S1P-S1PR2 Axis Mediates Homing of Muse Cells into Damaged Heart for Long Lasting Tissue Repair and Functional Recovery After Acute Myocardial Infarction
Rationale: Muse cells, pluripotent marker SSEA-3+ cells, are non-tumorigenic endogenous pluripotent-like stem cells obtainable from various tissues including the bone marrow (BM). Their therapeutic efficiency has not been validated in the acute myocardial infarction (AMI).
Objective: To clarify the efficiency of intravenously infused rabbit autograft, allograft, and xenograft (human) BM-Muse cells in a rabbit AMI model and their mechanisms of tissue repair.
Methods and Results: In vivo dynamics of Nano-lantern-labeled Muse cells showed preferential homing of the cells to the post-infarct heart at 3 days and 2 weeks, with ~14.5% of injected GFP-Muse cells estimated to be engrafted into the heart at 3 days. The migration and homing of the Muse cells was confirmed pharmacologically (S1P receptor 2 [S1PR2]-specific antagonist JTE-013 co-injection) and genetically (S1PR2-siRNA-introcuded Muse cells) to be mediated through the S1P-S1PR2 axis. They spontaneously differentiated into cells positive for cardiac markers, such as cardiac troponin-I, sarcomeric α-actinin, and connexin43, as well as vascular markers. GCaMP3-labeled Muse cells that engrafted into the ischemic region exhibited increased GCaMP3 fluorescence during systole and decreased fluorescence during diastole. Infarct size was reduced by ~52% and the ejection fraction was increased by ~38% compared with vehicle injection at 2 months, ~2.5 and ~2.1 times higher, respectively, than induced by mesenchymal stem cells. These effects were partially attenuated by the administration of GATA4-gene silenced-Muse cells. Muse cell allografts and xenografts efficiently engrafted and recovered functions, and allografts remained in the tissue and sustained functional recovery for up to 6 months without immunosuppression.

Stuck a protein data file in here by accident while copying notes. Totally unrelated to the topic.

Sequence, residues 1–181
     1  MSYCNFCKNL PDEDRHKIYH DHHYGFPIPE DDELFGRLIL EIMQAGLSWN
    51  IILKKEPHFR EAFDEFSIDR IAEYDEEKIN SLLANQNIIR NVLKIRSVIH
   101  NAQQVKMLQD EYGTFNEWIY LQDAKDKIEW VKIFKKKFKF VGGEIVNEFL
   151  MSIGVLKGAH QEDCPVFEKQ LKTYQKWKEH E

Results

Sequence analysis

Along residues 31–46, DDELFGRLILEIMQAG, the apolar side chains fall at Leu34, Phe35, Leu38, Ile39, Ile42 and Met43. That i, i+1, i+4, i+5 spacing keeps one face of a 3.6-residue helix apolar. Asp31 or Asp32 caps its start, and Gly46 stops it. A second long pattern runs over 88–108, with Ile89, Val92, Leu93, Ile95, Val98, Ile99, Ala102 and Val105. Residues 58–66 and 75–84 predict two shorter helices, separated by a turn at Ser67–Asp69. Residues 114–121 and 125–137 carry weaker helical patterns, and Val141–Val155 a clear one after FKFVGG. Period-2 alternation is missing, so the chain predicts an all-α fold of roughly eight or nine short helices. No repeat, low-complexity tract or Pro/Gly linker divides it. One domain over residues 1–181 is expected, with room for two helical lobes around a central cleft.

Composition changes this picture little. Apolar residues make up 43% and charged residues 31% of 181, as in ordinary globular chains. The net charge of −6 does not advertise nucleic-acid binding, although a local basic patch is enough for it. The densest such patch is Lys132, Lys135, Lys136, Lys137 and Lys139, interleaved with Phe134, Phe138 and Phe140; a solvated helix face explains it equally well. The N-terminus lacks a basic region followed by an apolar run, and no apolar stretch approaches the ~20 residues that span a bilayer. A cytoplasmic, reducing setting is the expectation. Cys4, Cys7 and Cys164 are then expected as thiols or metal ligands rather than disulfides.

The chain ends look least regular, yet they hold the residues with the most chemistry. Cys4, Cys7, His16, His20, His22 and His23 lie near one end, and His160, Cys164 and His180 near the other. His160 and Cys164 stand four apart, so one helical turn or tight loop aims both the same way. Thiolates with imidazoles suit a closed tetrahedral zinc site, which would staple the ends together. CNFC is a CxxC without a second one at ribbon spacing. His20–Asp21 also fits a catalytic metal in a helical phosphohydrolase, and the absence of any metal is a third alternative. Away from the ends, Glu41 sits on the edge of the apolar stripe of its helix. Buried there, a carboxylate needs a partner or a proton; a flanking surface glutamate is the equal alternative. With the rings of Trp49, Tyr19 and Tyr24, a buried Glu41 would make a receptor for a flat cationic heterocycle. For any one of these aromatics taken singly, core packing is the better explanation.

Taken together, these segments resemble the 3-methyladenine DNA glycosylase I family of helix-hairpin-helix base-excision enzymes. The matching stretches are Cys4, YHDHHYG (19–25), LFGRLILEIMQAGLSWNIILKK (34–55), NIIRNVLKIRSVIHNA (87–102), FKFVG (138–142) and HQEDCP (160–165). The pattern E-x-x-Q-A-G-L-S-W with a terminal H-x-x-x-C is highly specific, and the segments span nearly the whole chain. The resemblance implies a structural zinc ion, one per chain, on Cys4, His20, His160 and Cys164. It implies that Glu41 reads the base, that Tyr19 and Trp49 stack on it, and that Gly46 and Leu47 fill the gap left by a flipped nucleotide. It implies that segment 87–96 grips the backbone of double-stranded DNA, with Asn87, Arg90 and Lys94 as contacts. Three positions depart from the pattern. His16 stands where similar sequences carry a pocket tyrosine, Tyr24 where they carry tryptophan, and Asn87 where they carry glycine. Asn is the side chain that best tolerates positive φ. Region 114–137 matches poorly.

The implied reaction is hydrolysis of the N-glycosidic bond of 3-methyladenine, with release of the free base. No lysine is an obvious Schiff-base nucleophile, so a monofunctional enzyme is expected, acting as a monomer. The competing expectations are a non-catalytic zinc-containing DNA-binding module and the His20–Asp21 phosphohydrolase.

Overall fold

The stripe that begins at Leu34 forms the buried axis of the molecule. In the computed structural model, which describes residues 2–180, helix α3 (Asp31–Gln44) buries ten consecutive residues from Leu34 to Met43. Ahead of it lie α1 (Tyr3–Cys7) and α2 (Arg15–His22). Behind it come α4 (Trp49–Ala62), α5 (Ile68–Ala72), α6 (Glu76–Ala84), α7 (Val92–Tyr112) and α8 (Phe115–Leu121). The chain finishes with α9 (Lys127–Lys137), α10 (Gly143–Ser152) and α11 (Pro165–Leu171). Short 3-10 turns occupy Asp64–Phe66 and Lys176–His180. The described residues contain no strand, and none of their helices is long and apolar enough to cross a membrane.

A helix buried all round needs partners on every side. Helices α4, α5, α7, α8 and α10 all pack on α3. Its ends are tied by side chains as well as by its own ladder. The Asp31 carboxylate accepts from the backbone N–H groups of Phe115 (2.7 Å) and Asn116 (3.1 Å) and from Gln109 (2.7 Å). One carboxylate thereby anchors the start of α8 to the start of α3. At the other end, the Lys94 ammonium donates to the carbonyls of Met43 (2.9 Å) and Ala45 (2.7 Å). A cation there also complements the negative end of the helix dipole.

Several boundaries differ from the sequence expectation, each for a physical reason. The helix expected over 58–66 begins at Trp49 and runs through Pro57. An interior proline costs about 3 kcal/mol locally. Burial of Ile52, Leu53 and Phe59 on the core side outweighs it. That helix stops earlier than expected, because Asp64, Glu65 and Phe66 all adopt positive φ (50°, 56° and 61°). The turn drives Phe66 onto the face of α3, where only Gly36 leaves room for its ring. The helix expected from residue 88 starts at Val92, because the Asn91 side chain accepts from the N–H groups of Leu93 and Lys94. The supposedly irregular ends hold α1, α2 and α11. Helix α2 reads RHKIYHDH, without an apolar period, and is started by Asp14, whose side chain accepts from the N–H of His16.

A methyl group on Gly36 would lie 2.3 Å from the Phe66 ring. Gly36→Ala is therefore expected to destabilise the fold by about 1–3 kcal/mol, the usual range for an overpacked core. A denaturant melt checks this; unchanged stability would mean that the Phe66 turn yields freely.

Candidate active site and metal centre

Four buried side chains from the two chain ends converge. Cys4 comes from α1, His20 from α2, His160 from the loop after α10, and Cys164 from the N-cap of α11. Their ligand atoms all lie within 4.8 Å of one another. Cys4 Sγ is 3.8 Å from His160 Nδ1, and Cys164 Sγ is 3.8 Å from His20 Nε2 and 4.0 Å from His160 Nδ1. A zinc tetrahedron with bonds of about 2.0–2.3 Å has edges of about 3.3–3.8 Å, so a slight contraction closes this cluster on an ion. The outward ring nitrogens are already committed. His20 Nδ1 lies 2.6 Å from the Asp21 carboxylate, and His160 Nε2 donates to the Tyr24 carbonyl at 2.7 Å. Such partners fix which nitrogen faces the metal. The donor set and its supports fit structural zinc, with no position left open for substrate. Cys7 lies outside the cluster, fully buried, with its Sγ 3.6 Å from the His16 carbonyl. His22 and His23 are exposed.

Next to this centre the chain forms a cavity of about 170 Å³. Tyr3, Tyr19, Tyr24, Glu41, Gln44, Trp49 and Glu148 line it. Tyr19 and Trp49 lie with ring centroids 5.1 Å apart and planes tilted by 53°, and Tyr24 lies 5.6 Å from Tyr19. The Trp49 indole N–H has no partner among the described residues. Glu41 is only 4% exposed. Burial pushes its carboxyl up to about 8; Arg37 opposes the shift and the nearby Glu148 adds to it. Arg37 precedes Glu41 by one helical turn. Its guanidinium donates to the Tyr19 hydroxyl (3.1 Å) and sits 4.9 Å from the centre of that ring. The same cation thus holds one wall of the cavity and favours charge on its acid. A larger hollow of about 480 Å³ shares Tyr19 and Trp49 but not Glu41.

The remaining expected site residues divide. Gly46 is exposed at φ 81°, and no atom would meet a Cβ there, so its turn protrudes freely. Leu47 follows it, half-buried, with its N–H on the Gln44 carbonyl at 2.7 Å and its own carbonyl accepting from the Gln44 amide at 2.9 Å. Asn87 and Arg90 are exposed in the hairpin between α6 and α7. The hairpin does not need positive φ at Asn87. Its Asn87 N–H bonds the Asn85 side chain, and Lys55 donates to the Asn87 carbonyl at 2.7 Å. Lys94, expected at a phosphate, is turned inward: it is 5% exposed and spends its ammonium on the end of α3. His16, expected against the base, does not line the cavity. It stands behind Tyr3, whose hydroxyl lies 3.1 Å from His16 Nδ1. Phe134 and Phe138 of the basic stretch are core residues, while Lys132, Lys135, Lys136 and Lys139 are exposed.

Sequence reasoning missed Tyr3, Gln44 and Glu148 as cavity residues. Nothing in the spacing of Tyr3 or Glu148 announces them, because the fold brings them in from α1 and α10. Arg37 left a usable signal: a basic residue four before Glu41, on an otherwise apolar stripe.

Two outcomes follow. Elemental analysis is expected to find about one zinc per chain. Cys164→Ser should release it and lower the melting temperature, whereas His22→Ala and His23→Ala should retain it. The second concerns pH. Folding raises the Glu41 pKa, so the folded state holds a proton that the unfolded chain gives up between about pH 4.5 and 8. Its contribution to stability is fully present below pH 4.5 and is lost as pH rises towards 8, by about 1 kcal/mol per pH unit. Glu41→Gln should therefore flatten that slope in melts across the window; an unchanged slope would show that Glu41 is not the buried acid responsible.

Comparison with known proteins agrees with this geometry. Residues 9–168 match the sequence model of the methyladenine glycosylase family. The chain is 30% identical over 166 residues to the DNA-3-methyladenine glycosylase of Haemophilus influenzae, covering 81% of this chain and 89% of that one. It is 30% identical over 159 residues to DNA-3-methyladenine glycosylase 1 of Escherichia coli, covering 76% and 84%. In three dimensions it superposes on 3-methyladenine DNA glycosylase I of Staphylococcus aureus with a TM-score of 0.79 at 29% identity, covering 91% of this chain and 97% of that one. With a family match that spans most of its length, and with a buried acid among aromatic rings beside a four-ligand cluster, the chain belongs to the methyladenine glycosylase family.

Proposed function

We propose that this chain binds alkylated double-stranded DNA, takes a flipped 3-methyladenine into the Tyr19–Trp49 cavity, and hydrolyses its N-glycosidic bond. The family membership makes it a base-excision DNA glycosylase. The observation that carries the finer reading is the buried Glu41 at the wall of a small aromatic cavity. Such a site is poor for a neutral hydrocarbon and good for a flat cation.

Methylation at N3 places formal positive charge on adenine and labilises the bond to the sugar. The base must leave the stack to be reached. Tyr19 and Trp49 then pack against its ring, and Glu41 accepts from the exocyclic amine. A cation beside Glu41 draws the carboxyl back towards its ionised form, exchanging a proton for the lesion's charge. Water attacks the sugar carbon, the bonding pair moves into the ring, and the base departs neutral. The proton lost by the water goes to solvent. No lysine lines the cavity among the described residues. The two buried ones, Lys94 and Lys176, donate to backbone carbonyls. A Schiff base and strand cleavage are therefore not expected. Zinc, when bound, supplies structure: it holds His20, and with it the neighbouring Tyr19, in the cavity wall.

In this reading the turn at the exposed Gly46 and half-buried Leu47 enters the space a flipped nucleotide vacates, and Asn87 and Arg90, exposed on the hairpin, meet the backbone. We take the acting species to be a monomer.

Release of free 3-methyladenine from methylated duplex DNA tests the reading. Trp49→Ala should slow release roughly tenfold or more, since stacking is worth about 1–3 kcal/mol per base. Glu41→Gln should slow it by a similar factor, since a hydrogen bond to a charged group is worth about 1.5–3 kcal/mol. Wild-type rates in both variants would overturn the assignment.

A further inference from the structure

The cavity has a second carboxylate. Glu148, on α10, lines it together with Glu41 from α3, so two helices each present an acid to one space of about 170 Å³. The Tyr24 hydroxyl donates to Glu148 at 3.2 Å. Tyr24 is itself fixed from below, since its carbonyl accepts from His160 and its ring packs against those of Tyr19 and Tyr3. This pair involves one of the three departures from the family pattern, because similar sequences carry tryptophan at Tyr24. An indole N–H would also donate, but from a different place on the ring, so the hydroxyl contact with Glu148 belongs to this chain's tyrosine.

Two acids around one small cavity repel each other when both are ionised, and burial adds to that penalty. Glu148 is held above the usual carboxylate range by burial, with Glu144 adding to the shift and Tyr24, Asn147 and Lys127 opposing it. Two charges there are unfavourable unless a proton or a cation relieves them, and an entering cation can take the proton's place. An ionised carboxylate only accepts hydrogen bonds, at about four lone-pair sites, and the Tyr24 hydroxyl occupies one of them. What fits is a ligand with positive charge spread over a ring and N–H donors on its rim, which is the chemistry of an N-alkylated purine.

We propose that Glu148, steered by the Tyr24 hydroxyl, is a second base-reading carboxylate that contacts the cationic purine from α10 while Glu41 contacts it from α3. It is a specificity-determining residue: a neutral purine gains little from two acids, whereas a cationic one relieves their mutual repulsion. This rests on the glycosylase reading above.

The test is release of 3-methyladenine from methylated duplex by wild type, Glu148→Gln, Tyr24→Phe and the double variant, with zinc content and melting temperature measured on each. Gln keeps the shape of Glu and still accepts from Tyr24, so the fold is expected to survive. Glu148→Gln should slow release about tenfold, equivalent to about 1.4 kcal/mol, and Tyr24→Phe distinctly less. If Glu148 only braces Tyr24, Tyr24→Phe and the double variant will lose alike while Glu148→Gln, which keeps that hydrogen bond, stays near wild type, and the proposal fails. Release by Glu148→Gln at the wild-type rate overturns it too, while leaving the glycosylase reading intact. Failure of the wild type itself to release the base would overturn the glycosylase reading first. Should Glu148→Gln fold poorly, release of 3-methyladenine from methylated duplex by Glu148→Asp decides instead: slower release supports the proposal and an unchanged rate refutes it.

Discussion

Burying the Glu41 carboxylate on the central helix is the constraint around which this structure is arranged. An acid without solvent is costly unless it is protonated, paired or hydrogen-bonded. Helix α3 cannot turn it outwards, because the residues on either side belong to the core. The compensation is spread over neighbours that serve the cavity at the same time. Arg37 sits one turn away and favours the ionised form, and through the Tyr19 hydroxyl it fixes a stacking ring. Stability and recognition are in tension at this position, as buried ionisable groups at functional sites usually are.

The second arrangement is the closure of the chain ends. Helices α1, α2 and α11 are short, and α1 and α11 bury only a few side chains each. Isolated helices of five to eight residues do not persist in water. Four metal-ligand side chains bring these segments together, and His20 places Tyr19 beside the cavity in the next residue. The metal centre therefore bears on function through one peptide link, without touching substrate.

Conclusions: Muse cells may provide reparative effects and robust functional recovery, and may thus provide a novel strategy for the treatment of AMI.
- infarct size
- LV remodeling
- acute myocardial infarction
- adult stem cells
- cell transplantation
- bone marrow
- Received July 3, 2017.
- Revision received February 8, 2018.
- Accepted February 22, 2018.